– Follow Allum Bokhari
“Gawker, … known for its left-wing slant, has of course been in trouble for some time. Even before the outcome of the Hulk Hogan sex tape trial, which saw the new media site slapped with an eye-watering fine of $140 million, Gawker was on the ropes. The site’s traffic stalled, and then started a precipitous decline in late 2015.
Gawker’s traffic is lower today than it was when they published the Hogan video in October, 2012, nearly 4 years ago pic.twitter.com/zVoM94MbJb
— David Auerbach (@AuerbachKeller) March 17, 2016
Then, last November, the site gutted its verticals, cutting seven full-time editorial positions and pivoting to a political editorial focus. Although Gawker reportedly has new financial backing — from Russian oligarchs, no less — the site is still in dire straits traffic-wise. In retrospect, perhaps destroying people’s careers for politically incorrect jokes on Twitter and pointlessly outing gay chief executives wasn’t the best way to appeal to a millennial audience.
In their ascendancy, many of these new media outlets left a trail of victims in their wake — many of whom are no doubt feeling a great sense of schadenfreude these days. Gawker in particular delighted in “outing” politically incorrect social media users to its devoted left-wing readers, who would typically respond by showering the individuals’ employers with complaints until they were fired.
Gawker’s victims included former Business Insider CTO Pax Dickinson and former marketing consultant Justine Sacco. Author and journalist Jon Ronson would eventually redefine Gawker’s tactics as a modern-day form of ritual public humiliation in his 2015 book So You’ve Been Publicly Shamed.
Eventually, Gawker’s attempts to position itself as inquisitors-in-chief of the web would backfire spectacularly. Their attempts to demonize the gaming community in 2014 cost them “six figures” in advertising revenue, after legions of gamers bombarded the site’s advertisers with complaints….”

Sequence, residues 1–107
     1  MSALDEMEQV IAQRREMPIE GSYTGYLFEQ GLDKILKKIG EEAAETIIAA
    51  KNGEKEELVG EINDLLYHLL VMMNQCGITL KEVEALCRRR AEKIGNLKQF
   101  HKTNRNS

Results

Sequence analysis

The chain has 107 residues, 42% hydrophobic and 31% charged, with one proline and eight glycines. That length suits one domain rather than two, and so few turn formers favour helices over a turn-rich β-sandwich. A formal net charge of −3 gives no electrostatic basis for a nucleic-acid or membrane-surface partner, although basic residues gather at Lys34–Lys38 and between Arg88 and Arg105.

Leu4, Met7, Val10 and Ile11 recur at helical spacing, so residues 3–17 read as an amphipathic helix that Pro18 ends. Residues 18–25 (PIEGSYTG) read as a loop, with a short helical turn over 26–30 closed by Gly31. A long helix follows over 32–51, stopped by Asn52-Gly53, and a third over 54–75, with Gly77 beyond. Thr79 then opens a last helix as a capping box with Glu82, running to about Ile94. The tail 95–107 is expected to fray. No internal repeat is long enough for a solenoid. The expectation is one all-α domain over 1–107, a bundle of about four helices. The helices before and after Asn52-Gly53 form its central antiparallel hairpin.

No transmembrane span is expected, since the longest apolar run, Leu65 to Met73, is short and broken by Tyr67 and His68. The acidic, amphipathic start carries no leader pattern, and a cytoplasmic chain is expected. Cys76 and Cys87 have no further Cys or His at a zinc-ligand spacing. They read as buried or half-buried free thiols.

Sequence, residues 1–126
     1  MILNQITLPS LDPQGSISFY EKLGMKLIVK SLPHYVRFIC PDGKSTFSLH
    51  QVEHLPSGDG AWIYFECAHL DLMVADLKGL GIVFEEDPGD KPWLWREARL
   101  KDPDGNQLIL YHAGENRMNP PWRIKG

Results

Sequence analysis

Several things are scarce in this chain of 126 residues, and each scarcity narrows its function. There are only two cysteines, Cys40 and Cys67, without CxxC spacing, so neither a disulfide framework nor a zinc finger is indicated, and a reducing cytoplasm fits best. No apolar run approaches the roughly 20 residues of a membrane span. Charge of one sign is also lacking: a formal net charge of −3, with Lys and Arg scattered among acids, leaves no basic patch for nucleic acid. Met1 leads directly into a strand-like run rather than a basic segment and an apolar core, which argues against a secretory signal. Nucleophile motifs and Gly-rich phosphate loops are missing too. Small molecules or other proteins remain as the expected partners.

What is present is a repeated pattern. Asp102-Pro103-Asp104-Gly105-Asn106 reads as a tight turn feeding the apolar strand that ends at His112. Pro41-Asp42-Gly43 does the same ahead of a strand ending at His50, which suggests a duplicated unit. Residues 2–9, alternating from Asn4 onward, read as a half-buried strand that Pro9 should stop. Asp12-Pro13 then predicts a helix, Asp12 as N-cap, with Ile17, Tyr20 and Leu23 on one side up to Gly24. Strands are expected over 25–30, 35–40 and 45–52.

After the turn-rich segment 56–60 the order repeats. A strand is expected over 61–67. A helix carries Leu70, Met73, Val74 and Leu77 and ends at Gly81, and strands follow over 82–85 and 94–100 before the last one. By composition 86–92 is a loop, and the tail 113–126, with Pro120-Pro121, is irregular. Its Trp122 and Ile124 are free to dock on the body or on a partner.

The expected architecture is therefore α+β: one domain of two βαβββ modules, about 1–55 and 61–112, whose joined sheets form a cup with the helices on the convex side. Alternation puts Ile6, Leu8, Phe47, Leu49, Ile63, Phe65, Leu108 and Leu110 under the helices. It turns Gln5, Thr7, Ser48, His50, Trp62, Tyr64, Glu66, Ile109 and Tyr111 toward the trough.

Hulk Hogan Discovers Nick Denton and Gawker Hiding Dirty Money In Europe
### Nick Denton has a secret cash stash overseas
### Is this payola money from Denton’s “Hit-Jobs”?
### “Following the money may lead to kick-backs from Washington, DC.
### Is Gawker actually just a front for White House hit jobs?
Gawker’s stated net worth of $83 million seems as phony as a WWE bout — and Hulk Hogan’s lawyers want access to confidential documents to try to prove it, according to court papers.
The gossip site and its owner, Nick Denton, last month were ordered to pay the pro wrestler $140 million for violating his privacy by posting a sex tape involving him and a then-friend’s wife.
But Denton may try to get out of paying a required $50 million bond and the final judgment by lying about his and the company’s worth, the documents charge.
Denton, who is Hungarian and British, appears to have hidden millions of dollars in Gawker profits through inflated licensing fees to a Hungary-based sister company, the documents charge.
“In my opinion, it’s very hypocritical that Mr. Denton continues to cloak himself in the Constitution while it also appears he’s expatriating great sums of money to Eastern Europe, potentially to avoid taxation and creditor issues,” Hogan’s lawyer, David Houston, told The Post.
In a Florida courtroom in March, the jury was told that Gawker is worth only $83 million, while Denton’s net worth is $121 million — largely based on his shares in Gawker’s parent company, Gawker Media Group Inc.
GMGI is valued at $267 million; Denton has a $117 million portion of it.
Gawker has refused to give up a document called a “transfer pricing study” that would determine whether the fees are inflated, citing lawyer-client privilege, according to court papers.
Gawker has claimed that the $140 million jury award would be “ruinous” to its business, in a bid to get the judge to slash the amount to less than $2 million.
Yet its own pitch book for investors reveals a rosier future: Gawker’s growth plan is to increase its operating income from $6.7 million in 2014 to $43 million in 2019.
Gawker has responded in court papers that a major international law firm, Mayer Brown, “analyzed the appropriate arm’s-length pricing for the royalty payable by Gawker to [subsidiary company] Kinja with respect to the intellectual property.”
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